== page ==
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"Artificial intelligence (AI) and its role in autonomous systems have promised everything from utopian freedom to existential dystopia. The unfilled hyperbole surrounding past and present promises regarding AI futures has left many people skeptical, afraid, or just confused. Rational discussion is often left in the wake due to the fears and fantasy evoked by the press and Hollywood. Fortunately, as a byproduct, this has resulted in a blossoming of worldwide discourse on the ethical implications of the intelligent machines we are creating. Many near-and mid-term ethical concerns have arisen with the advent of autonomous systems: particularly regarding driverless cars, privacy and drones, companion and intimate robotics, the displacement of jobs by intelligent machines, and warfighting robots among others. The IEEE Global Initiative on the Ethics of Autonomous Systems, the United Nations, the International Committee of the Red Cross, the White House, and the Future of Life Institute are among many responsible organizations that are now considering the ramifications of the real-world consequences of machine autonomy as we continue to stumble about trying to find a way forward.
One thing can clearly be stated: We are creating autonomous technology faster than we are able to 1) understand its implications; 2) interpret it within moral frameworks; and 3) create policy and legislation to govern its development and deployment. Progress on AI, despite a rather slow pace for decades, finally appears to be accelerating as evidenced by advances in machine learning (Google’s Alpha Go), cognitive computing (IBM’s Watson), robotics (Boston Dynamics’ Mini Spot and Atlas), speech understanding (Apple’s Siri, Amazon Echo), etc.; the list goes on. While we are now in a catch-up phase regarding regulation and legislation, society and governments need to be far more proactive and must discuss and debate the difficult questions surrounding the use of artificial intelligence. If we ignore the increasingly rapid pace of advances, we do so at our own peril as the very fabric of our society and international relations will be tested at the very least and possibly ruptured in unpredictable ways at the worst.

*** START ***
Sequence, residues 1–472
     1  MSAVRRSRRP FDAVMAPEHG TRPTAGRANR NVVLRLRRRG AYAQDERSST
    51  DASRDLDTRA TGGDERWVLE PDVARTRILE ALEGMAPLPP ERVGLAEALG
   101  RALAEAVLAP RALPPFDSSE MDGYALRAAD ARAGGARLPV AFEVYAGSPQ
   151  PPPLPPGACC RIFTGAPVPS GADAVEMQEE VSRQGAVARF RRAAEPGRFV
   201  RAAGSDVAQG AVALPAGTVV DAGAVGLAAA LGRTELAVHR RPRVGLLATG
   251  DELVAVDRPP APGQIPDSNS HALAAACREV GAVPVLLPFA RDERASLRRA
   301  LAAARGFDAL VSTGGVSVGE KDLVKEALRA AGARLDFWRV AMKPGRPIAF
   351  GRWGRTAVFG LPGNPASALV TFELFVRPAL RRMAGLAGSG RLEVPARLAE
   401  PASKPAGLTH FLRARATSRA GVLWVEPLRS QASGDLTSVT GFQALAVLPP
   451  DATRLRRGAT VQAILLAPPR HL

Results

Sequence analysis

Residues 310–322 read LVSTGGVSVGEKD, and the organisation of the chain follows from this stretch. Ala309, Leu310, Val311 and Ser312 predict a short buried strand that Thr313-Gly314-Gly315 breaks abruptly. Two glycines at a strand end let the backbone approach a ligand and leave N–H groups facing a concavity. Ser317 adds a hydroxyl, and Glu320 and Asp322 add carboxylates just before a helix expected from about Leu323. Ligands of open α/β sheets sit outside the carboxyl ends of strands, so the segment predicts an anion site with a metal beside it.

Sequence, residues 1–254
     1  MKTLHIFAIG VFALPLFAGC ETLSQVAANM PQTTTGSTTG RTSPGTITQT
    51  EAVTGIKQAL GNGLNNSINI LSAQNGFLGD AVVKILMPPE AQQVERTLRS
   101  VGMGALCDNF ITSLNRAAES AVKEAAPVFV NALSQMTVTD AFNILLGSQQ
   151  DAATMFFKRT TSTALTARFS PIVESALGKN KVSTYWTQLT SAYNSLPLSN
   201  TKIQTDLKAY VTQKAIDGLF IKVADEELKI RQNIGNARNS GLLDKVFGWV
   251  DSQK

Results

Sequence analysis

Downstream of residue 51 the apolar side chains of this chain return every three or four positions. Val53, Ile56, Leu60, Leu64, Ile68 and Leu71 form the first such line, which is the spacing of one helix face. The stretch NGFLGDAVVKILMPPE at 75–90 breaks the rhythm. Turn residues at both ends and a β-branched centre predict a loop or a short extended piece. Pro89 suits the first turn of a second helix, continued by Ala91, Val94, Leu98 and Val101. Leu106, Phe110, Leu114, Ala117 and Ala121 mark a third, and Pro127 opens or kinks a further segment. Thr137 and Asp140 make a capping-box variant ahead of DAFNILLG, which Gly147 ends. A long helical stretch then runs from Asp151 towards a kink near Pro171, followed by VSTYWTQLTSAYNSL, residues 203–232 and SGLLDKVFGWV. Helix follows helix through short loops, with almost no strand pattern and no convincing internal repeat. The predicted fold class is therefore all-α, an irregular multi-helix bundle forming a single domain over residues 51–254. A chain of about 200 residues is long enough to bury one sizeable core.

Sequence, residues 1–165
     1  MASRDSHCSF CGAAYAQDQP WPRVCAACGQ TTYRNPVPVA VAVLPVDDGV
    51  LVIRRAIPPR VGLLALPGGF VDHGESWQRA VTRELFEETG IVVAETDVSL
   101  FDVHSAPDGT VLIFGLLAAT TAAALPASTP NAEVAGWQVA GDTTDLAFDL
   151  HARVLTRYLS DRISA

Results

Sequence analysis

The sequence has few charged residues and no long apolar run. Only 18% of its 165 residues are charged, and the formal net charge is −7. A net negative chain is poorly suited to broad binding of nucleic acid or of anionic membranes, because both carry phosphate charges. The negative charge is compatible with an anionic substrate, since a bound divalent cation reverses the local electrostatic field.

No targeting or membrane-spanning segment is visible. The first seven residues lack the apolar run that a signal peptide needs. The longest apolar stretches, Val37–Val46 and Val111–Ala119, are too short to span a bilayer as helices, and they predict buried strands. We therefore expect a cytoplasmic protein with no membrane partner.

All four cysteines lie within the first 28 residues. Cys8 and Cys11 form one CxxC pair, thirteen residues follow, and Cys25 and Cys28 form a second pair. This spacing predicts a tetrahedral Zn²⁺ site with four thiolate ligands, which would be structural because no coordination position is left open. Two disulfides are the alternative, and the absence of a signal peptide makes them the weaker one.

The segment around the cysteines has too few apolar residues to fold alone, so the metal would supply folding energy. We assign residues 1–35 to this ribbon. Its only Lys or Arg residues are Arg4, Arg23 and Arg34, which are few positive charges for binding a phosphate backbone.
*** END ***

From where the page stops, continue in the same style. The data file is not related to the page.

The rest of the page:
There are generally no universal rights or wrongs with respect to autonomous systems given that there are competing ethical frameworks by which to assess their outcomes. This is further compounded by cultural and societal differences worldwide. Tensions exist between the rights of individuals or groups (embodied in rights-based/Kantian ethical theories) versus maximizing the overall happiness of all concerned (as found in consequentialist/utilitarian theories). Nonetheless, policy and law must follow as a result of such deliberations."
In this light, Ronald C. Arkin review three of the near-term critical threats from the point of view of a practicing roboticist and ethicist of late who has been involved in these discussions internationally for over a decade in Proceedings of the IEEE, Oct. 2016. He discussed three questions in the article Ethics and Autonomous Systems: Perils and Promises:
"It is up to all of us to secure a reasonable future for ourselves, our families, our society, and the world. Technologists need to engage in these discussions and be circumspect on the technology they are creating. Proactive discussion is essential-start today."
Ronald C. Arkin. Ethics and Autonomous Systems: Perils and Promises. Proceedings of the IEEE, Oct. 2016
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